At the Circadian Rhythm/Octagon Collective Poetry night last Thursday night, American poet Lesley Wheeler read to a sizable crowd: a good turn out for the night before a holiday weekend, when many people were probably still frantically stuffing suitcases or backpacks, or making a mad dash to the supermarket because it turns out the otherwise fiercely logical children still fervently believe that a rabbit can moonlight as a chocolatier…
Recently Lesley Wheeler’s blog has shown her thinking through her recent encounters with New Zealand poetry, and how the experience of temporary residence here has opened up questions of issues such as diction, identity, and the ownership of myths and stories. Her latest recent collection of poems, Heterotopia, gives us a smartly articulate, portmanteau term for the best that a poem can offer, or for the most desired destination a poem can lead us to. A heterotopia is a real or imagined place of escape, transformation or revelation: Lesley’s collection itself transports us to her mother’s childhood in Liverpool, England in the 1940s and 1950s. At its center is an impressive sonnet sequence, ‘The Calderstones’. It was intriguing to hear Lesley say that she knew she was never going to be able to render her mother’s past accurately, when she realised that even apparently simple words like ‘stove’ had totally different meanings for her, as someone raised in the US, than they did for her mother: and that the mental imagery she carried for several of her mother’s stories were probably quite askew or idiosyncratically slanted. Yet working within the gap, or making that gap part of the material, was what finally liberated her to complete the sequence. It’s a hiatus that is deftly bridged for the unfamiliar reader: one of my introductory comments about the sonnet necklace was that its carefully picked out detail manages to make family oral history seem like the speaker’s – and even the reader’s – own lived experience.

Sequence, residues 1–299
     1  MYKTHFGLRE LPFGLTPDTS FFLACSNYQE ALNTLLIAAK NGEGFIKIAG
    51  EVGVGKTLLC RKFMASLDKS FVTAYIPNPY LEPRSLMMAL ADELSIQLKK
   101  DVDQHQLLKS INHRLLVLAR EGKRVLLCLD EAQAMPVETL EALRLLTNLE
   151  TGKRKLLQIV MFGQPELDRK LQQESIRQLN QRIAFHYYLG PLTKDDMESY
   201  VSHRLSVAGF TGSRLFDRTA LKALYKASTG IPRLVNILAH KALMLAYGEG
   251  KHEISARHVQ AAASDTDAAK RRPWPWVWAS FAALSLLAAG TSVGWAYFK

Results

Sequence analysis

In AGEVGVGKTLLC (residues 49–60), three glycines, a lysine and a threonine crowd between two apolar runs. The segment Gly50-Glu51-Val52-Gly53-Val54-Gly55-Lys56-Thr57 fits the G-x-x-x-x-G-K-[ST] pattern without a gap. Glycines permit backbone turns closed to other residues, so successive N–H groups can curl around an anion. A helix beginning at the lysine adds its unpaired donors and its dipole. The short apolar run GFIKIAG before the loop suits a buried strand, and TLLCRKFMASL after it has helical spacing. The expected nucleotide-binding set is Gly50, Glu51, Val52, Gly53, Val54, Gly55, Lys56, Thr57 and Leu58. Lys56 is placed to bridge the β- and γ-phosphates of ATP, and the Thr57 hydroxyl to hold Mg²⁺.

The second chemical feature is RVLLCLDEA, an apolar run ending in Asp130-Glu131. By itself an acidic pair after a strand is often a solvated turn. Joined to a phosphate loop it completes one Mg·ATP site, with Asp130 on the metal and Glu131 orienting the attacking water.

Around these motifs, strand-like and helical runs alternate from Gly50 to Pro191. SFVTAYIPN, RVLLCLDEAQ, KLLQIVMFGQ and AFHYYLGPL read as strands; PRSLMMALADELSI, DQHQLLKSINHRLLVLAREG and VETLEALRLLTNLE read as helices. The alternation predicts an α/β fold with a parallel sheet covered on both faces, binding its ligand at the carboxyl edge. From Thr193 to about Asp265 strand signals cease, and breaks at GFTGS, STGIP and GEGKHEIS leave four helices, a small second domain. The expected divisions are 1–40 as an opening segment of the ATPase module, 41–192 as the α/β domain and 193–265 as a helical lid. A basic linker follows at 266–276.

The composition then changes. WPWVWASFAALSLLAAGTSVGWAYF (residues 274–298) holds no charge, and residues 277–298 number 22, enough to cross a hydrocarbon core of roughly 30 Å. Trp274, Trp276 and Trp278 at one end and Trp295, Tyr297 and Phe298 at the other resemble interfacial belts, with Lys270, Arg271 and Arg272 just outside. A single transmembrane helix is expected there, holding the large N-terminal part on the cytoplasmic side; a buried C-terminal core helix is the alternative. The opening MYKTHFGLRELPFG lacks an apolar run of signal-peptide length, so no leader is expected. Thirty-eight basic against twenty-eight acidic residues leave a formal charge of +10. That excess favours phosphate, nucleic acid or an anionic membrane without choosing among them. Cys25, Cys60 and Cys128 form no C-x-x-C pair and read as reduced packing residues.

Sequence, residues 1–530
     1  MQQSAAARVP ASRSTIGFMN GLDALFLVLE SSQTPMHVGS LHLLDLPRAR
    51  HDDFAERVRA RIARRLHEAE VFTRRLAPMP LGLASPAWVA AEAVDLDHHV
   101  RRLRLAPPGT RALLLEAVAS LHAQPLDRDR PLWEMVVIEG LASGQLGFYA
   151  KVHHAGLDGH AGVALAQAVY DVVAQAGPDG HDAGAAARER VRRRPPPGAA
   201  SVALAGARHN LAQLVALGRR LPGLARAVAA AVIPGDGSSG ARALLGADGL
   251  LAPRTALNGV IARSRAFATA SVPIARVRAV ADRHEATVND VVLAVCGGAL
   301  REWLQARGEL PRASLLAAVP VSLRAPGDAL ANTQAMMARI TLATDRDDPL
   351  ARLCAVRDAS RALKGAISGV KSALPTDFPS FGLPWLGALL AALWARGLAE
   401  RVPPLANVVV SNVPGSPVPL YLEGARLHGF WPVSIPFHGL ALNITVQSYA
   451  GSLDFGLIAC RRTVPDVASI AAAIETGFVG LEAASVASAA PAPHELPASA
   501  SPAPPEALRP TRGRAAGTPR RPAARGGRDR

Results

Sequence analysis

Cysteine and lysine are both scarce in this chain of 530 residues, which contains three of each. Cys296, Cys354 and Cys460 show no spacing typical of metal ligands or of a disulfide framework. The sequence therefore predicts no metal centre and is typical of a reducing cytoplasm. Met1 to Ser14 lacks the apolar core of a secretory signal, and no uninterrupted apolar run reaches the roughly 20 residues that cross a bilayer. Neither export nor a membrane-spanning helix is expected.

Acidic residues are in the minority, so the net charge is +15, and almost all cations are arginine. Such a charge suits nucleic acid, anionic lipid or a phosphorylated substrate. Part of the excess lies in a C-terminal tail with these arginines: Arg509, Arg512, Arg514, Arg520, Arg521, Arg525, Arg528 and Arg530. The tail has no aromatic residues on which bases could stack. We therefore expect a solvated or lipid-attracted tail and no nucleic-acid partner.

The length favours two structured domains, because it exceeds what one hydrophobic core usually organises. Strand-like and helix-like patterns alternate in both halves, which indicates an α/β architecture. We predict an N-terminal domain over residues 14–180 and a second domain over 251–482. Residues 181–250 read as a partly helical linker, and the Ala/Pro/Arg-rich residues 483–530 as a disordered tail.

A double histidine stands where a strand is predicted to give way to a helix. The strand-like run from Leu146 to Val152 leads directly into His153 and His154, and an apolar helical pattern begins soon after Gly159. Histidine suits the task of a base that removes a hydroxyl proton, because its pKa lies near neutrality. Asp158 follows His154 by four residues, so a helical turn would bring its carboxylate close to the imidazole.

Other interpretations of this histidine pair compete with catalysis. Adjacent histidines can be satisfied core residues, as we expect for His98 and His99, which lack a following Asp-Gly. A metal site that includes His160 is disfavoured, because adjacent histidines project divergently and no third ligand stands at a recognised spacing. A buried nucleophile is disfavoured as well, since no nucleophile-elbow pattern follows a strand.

When reading Lesley’s work before her performance, I was struck by its versatility, the sinuous way it adapts tone to form, and style to context, much the way the chameleon in her wry sestina ‘A Place for the Genuine’, pulses in and out of different shades ‘shifting with heat, light, passionate feeling’ (Heathen). At times her work is tartly ironic and political; at others frankly yearning for epiphany and release. Her subject matter is elastic, often electric. It roams confidently from prehistory to personal history; from Zombies to Pinnochio; from academia and the craft of writing itself; from sleepless or anxious children, to the long contrail of sadness migrations may leave behind; from shyness, to the barely concealed hate latent in an arrogantly casual homophobia. The expression in her poems ranges from the crisp, taut, literary and Latinate to the demotic and deliberately stumbling; from the cool and controlled, witty aphorism, to bitterly articulate, outraged slang.
Lesley was a generous and relaxed performer – and a real pleasure to meet. In keeping with her own openness, perhaps, the open mike sessions ranged from kooky to poignant to cerebral: the unpredictability of these slots is part of its appeal. Readers at the Octagon Collective nights often range from the widely published and award-winning (Diane Brown; Carolyn McCurdie; Richard Reeve) to the newly-hatched and aleatory. It’s like a mini-poetry festival each time: professional and fringe running simultaneous sessions. Yet it can all be had for the price of a cup of coffee, and the bicycle tyre/shoe leather/petrol to get you there.